Host adapter 0 (ide-scsi) found.
Host adapter 1 (sbp2) found.
Scanning for device 1 0 0 0 ...
NEW: Host: scsi1 Channel: 00 Id: 00 Lun: 00
      Vendor: WDC WD12 Model: 00JB-75CRA0      Rev:
      Type:   Direct-Access                    ANSI SCSI revision: 06
1 new device(s) found.
0 device(s) removed.

This indicates your FireWire drive was detected by Linux.

7: Partitioning your drive

If you decide to only use one external disk, then you'll need to be aware of a couple of things. If you do not use Logical Volume Manager (LVM) or Oracle Cluster File System (OCFS), then you'll most likely have to use FDISK to partition your raw devices. You will be limited to 3 primaries, 1 extended and 11 logical partitions. This means you will not have room for all the default tablespaces the Database Creation Assistant (DBCA) uses. For this reason we decided to drop the USERS and TOOLS tablespaces during the DBCA setup. This obviously doesn't follow the optimal flexible architecture (OFA), but since this is a development system it will work just fine. You could also use multiple disks to allow you to set up additional partitions.

It's recommended that you use LVM or OCFS.

8: Oracle patch

Install Oracle 9i Database server with the RAC option according to Note ID 184821.1 available on Metalink. There was an issue filed for shutdown immediate taking <60 seconds to unregister.

This was filed as Bug 1841387 which was fixed in the 9.0.1.1 patch set. However Oracle Support recommended we apply the 9.0.1.4.0 patch set. You can download this from http://metalink.oracle.com and simply follow the installation instructions. Once you've created and started your database, you're ready to connect to the RAC from a client workstation.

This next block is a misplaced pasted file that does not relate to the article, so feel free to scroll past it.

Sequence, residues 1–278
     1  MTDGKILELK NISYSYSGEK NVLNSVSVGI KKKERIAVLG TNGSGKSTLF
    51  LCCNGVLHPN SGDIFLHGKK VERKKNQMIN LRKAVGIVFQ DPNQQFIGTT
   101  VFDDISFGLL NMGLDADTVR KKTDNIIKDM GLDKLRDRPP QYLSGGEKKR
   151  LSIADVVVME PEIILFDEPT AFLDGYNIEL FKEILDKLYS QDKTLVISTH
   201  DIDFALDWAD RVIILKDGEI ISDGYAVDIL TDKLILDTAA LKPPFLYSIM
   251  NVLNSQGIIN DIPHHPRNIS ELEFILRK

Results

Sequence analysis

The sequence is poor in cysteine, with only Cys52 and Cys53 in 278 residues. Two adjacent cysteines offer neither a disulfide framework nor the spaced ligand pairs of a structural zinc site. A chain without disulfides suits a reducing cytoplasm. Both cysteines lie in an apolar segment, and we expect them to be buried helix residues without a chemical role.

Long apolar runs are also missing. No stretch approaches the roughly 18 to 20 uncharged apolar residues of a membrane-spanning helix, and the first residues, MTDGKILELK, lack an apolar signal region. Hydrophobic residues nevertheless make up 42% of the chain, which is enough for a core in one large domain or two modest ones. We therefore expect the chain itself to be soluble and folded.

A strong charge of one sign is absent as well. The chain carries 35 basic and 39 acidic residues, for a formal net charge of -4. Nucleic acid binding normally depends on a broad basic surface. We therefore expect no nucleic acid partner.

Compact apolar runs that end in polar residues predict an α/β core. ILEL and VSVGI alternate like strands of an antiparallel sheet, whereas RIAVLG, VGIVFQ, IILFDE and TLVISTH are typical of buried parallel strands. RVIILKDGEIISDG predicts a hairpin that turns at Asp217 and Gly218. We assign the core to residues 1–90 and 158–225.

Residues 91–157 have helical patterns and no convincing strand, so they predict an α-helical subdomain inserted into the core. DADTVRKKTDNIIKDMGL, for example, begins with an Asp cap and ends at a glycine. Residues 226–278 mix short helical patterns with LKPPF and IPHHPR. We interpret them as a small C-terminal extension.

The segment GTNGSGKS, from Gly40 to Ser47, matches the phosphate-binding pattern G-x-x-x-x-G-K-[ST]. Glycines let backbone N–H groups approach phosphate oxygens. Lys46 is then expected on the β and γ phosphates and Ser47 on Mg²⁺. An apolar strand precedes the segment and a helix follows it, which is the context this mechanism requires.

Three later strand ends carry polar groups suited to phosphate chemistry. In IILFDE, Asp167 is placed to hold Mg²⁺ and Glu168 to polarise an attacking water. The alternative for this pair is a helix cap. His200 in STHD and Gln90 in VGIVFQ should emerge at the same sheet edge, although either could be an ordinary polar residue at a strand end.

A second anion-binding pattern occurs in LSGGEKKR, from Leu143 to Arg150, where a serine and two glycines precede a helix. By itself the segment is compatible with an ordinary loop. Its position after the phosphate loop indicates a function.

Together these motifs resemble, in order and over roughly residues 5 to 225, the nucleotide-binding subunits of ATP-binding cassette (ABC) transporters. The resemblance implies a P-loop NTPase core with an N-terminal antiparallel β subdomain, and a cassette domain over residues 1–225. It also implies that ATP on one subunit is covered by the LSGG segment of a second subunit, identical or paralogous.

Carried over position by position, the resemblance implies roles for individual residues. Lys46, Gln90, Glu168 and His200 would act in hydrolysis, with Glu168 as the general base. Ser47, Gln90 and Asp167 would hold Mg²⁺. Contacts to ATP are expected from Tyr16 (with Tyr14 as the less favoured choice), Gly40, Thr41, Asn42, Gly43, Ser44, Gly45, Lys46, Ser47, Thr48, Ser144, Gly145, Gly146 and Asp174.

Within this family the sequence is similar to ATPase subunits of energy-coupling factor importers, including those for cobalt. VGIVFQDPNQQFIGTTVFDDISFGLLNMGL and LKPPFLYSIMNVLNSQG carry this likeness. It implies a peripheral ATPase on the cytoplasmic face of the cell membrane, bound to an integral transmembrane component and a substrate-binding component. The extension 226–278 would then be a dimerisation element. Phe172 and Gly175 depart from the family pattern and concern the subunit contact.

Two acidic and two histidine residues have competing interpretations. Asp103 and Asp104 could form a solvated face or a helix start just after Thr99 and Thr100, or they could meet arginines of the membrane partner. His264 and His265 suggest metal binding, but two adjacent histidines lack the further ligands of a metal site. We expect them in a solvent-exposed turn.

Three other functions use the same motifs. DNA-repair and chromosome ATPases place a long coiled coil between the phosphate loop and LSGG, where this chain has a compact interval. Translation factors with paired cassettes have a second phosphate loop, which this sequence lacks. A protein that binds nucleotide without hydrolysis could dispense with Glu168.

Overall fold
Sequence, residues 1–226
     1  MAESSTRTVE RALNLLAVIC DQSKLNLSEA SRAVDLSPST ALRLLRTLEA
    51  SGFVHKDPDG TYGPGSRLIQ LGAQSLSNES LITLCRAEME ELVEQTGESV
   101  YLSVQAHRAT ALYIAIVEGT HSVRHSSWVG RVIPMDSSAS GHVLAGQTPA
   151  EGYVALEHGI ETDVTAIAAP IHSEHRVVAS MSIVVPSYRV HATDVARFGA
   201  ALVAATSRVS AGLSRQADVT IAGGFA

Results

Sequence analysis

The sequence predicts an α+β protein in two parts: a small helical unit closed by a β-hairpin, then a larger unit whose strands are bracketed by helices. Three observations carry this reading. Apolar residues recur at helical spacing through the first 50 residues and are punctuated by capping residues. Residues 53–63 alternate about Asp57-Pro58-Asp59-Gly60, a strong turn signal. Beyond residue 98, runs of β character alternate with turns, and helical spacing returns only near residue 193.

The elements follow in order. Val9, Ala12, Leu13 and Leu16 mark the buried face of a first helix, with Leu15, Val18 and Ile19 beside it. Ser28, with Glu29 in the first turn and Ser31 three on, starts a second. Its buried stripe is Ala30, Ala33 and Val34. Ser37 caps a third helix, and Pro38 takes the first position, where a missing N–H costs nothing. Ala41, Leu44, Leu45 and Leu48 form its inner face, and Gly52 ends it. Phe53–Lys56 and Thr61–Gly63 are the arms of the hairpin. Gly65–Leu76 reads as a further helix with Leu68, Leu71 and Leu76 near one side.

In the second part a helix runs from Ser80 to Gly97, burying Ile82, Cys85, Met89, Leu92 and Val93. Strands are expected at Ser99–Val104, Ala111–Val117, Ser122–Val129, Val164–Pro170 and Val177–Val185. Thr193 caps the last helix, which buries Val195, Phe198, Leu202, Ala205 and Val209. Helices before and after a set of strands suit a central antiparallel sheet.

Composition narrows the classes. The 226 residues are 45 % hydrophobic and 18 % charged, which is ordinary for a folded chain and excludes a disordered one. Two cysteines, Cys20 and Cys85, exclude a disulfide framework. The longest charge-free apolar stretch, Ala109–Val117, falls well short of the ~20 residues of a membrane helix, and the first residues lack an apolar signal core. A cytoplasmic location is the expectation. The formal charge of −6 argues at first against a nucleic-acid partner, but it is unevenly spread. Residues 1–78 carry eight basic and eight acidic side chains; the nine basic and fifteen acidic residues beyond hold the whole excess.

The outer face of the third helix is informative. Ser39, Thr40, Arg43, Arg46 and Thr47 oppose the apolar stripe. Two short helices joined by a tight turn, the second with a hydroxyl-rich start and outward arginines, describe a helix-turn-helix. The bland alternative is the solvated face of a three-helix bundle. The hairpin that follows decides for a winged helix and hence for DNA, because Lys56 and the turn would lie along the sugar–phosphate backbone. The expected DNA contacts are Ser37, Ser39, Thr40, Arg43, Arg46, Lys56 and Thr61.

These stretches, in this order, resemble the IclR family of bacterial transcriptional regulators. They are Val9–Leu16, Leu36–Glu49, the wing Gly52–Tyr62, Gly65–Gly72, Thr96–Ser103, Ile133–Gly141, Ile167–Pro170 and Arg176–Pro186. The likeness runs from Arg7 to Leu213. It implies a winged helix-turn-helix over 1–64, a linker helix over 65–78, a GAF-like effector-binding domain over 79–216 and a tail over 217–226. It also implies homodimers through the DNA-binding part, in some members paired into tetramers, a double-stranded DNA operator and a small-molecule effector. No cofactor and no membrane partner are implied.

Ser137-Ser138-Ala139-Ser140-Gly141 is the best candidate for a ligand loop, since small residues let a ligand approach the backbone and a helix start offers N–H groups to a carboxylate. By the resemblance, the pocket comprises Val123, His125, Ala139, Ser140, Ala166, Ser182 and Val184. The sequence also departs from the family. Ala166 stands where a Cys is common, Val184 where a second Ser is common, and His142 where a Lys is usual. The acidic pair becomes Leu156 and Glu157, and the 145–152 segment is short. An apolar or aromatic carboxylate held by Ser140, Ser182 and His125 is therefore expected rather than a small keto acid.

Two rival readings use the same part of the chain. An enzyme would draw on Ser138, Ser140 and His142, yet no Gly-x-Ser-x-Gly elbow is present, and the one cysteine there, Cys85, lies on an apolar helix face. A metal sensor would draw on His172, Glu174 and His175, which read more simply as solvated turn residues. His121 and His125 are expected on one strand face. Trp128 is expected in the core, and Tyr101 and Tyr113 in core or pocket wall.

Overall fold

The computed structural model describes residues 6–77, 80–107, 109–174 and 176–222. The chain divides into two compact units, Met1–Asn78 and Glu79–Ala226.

9: Testing SESSION Failover

You may use SESSION or SELECT type failover. SESSION is the simplest type. When the connection to an instance is lost, SESSION failover results only in the establishment of a new connection to a backup instance. Any work in progress is lost.

SELECT Failover is implemented by transparently re-executing the SELECT statement and then bringing the cursor up to the same point as it was before the failure. There's no automatic recovery mechanism built into SELECT failover to handle DML statements, such as INSERTs and UPDATES which are in progress when a failover occurs. Your application will still need to use error checking routines and transactions, but now if a failure occurs you can try the transaction again on the same connection. If it was a node failure the connection has already reestablished itself to another node.

The METHOD parameter defines if Oracle pre-establishes connections to connect to the backup node.